Peace In Sight As Central African Republic Holds Long-delayed Election


People in the Central African Republic (CAR) are voting on Wednesday in a crucial election that it is hoped will restore peace and democracy to a divided country scarred by years of violence. The presidential and parliamentary vote has been delayed several times, with the latest date set for Sunday pushed back again by three days to allow officials deal with technical and organisational difficulties.

“This time, everything will be fine throughout Central African Republic,” said Julius Rufin Ngoadebaba, spokesman for the National Electoral Authority, rejecting allegations that illegal voter cards had been distributed. Thirty candidates are competing for the presidency, with some of the frontrunners including former prime ministers Martin Ziguele and Anicet Georges Dologuele.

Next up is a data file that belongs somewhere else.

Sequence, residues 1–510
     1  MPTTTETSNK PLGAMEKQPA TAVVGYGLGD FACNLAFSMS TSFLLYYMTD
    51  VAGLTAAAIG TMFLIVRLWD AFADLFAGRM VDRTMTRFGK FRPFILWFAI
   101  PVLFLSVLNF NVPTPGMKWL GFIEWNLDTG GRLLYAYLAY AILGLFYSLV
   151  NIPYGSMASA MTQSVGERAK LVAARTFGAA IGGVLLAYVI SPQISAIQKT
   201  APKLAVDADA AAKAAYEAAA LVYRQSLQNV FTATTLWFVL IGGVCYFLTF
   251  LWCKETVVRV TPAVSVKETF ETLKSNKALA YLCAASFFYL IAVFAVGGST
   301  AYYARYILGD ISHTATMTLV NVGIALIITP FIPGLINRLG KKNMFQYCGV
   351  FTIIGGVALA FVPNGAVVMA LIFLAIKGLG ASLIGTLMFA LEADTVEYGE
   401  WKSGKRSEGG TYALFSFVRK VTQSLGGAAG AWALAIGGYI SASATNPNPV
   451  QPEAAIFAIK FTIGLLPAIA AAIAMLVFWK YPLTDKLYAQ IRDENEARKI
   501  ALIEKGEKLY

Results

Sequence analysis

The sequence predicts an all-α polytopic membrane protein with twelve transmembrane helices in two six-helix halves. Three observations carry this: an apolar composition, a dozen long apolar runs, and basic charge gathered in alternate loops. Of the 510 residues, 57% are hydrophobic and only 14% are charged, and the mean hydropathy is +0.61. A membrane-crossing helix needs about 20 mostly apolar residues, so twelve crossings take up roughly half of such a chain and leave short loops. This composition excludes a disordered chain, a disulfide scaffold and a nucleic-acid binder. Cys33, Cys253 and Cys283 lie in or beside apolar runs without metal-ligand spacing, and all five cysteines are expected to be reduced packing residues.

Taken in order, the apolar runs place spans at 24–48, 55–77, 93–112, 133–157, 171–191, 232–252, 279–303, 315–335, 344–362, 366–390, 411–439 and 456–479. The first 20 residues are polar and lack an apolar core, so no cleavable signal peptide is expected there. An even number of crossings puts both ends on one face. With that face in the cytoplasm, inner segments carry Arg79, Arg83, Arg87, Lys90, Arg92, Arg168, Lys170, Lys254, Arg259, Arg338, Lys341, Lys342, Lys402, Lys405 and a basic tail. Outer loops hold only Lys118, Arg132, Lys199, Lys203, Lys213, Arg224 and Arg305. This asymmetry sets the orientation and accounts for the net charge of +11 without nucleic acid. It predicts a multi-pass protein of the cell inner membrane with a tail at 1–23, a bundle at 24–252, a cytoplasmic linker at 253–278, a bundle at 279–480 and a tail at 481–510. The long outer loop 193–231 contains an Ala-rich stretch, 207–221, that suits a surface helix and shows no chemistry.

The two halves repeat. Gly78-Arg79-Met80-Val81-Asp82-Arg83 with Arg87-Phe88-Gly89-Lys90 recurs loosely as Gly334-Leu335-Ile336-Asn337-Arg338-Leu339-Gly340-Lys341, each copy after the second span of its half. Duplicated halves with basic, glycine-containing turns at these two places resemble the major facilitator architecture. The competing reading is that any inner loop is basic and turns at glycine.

Other top candidates include a former foreign minister, Karim Meckassoua, and Bilal Desire Nzanga-Kolingba, who is the son of a former president. More than 1.8 million people are expected to vote, at more than 500 polling stations across the country, which has been ruled since May 2014 by interim President Catherine Samba-Panza.

CAR has been rocked by violence since March 2013 when a largely Muslim alliance of rebel groups known as the Seleka overthrew President Francois Bozize. When a Seleka’s leader left power under intense international pressure in 2014, a swift backlash by the Christian anti-Balaka groups against Muslim civilians followed.